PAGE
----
a German measles infection:
What Causes German Measles?
is caused by the rubella virus. This is a highly contagious virus that can
spread through close contact or through the air. It may pass from person to person
through contact with tiny drops of fluid from the nose and throat when sneezing
and coughing. This means that you can get the virus by inhaling the droplets of
an infected person or touching an object contaminated with the droplets. German
measles can also be transmitted from a pregnant woman to her developing baby
through the bloodstream.
have German measles are most contagious from the week before the rash appears until
about two weeks after the rash goes away. They can spread the virus before they
even know that they have it.
Who Is at Risk for German Measles?
measles is extremely rare in the United States, thanks to vaccines that
typically provide lifelong immunity to the rubella virus. Most cases of German
measles occur in people who live in countries that don't offer routine immunization
vaccine is usually given to children when they’re between 12 and 15 months old,
and then again when they’re between ages 4 and 6. This means that infants and
young toddlers who haven’t yet received all vaccines have a greater risk of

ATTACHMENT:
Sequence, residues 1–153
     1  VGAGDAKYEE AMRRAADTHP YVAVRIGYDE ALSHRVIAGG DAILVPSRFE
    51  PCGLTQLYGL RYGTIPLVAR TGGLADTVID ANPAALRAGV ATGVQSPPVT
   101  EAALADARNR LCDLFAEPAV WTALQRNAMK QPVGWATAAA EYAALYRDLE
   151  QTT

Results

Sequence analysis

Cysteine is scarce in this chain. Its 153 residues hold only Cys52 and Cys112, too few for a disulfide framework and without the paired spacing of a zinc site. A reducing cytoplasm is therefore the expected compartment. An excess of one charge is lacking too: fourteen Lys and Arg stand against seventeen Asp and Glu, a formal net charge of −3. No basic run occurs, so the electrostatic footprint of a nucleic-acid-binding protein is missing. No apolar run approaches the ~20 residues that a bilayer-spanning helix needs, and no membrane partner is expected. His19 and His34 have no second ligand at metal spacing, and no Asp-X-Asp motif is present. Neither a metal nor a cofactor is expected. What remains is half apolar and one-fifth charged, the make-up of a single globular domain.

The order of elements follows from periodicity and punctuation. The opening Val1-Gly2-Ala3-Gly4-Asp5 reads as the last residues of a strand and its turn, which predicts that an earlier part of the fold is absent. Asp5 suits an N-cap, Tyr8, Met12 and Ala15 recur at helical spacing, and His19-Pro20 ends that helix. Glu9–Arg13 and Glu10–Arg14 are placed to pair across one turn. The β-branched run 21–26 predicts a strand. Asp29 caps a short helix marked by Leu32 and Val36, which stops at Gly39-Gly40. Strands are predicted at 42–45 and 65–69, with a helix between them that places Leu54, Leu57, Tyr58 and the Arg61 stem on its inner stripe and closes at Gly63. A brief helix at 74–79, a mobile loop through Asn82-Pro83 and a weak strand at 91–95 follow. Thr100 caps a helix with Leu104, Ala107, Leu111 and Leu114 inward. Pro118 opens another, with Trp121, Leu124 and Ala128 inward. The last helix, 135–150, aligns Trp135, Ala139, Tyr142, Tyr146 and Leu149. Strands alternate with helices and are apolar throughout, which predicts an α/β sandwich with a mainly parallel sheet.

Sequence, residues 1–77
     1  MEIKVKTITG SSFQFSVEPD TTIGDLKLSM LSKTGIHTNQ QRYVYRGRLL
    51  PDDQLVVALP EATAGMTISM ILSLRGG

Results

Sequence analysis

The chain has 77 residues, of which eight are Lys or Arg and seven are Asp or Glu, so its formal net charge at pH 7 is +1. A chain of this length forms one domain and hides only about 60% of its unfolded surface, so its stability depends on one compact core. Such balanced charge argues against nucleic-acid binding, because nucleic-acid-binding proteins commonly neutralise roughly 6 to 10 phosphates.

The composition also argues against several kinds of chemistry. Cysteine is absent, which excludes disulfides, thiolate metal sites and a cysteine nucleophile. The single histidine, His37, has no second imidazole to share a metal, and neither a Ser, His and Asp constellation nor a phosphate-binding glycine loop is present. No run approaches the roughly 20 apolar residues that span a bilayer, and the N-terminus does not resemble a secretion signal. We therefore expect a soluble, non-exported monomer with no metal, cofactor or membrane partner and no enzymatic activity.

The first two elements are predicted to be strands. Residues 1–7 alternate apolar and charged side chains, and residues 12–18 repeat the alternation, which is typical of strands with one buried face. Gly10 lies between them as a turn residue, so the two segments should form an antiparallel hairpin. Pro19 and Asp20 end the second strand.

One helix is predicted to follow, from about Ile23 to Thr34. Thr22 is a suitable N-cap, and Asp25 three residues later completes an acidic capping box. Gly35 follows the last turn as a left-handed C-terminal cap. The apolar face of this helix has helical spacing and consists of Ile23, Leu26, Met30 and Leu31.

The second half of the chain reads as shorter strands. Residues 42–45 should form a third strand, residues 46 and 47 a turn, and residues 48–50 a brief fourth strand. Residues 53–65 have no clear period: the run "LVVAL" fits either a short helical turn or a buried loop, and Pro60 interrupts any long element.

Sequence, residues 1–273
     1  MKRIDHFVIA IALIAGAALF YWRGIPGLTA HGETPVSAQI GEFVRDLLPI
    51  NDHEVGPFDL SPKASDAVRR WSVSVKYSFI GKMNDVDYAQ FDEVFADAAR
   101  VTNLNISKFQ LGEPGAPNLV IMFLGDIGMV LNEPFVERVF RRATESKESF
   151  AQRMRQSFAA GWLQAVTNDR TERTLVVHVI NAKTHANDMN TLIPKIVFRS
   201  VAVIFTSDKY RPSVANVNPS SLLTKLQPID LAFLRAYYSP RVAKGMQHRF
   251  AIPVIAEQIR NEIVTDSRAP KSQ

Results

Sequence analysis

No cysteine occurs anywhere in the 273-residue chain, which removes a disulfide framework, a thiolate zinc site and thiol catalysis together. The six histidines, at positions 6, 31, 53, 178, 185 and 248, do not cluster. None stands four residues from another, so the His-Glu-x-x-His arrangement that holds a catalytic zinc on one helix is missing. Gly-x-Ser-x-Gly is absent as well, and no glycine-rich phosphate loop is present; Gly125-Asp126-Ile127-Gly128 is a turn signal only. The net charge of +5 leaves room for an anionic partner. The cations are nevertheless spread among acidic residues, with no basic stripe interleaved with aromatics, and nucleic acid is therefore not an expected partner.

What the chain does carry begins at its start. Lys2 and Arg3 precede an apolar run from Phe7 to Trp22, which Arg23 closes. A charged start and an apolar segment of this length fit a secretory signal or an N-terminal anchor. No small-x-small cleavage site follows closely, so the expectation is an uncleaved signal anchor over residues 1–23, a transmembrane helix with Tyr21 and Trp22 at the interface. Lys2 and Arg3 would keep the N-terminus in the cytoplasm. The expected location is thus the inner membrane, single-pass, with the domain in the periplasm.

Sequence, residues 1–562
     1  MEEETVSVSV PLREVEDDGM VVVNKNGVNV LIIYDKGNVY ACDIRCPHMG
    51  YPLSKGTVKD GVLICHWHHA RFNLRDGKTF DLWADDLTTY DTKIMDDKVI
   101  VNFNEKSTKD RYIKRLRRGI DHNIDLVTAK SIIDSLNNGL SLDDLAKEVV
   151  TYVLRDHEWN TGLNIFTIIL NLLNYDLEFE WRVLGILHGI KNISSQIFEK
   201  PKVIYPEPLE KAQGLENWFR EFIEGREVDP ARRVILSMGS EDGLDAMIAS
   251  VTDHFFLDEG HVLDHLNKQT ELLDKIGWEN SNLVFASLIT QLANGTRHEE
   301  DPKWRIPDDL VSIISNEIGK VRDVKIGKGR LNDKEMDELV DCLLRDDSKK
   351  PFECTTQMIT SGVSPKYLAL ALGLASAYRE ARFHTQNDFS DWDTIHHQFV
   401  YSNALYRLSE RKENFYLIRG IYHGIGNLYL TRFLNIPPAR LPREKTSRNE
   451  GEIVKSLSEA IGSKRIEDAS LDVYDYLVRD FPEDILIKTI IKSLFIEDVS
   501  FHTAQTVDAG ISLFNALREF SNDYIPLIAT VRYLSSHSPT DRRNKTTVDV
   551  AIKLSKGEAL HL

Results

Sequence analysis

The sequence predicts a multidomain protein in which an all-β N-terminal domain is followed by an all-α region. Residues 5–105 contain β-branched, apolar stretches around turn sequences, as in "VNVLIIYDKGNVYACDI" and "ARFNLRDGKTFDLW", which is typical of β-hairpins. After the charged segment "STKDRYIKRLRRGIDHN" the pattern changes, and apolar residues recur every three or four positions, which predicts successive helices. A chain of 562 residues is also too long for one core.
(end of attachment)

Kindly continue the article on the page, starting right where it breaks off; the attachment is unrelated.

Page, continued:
getting German measles.
complications during pregnancy, many women who become pregnant are given a
blood test to confirm immunity to rubella. It’s important to contact your
doctor immediately if you've never received the vaccine and think you might
have been exposed to rubella.
How Does German Measles Affect Pregnant Women?
When a woman
contracts German measles during pregnancy, the virus can be passed on to her developing
baby through her bloodstream. This is called congenital rubella syndrome. Congenital
rubella syndrome is a serious health concern, as it can cause miscarriages and
stillbirths. It can also cause birth defects in babies who are carried to term,
childbearing age should have their immunity to rubella tested before becoming
pregnant. If a vaccine is needed, it’s important to get it at least 28 days
before trying to conceive.
How Is German Measles Diagnosed?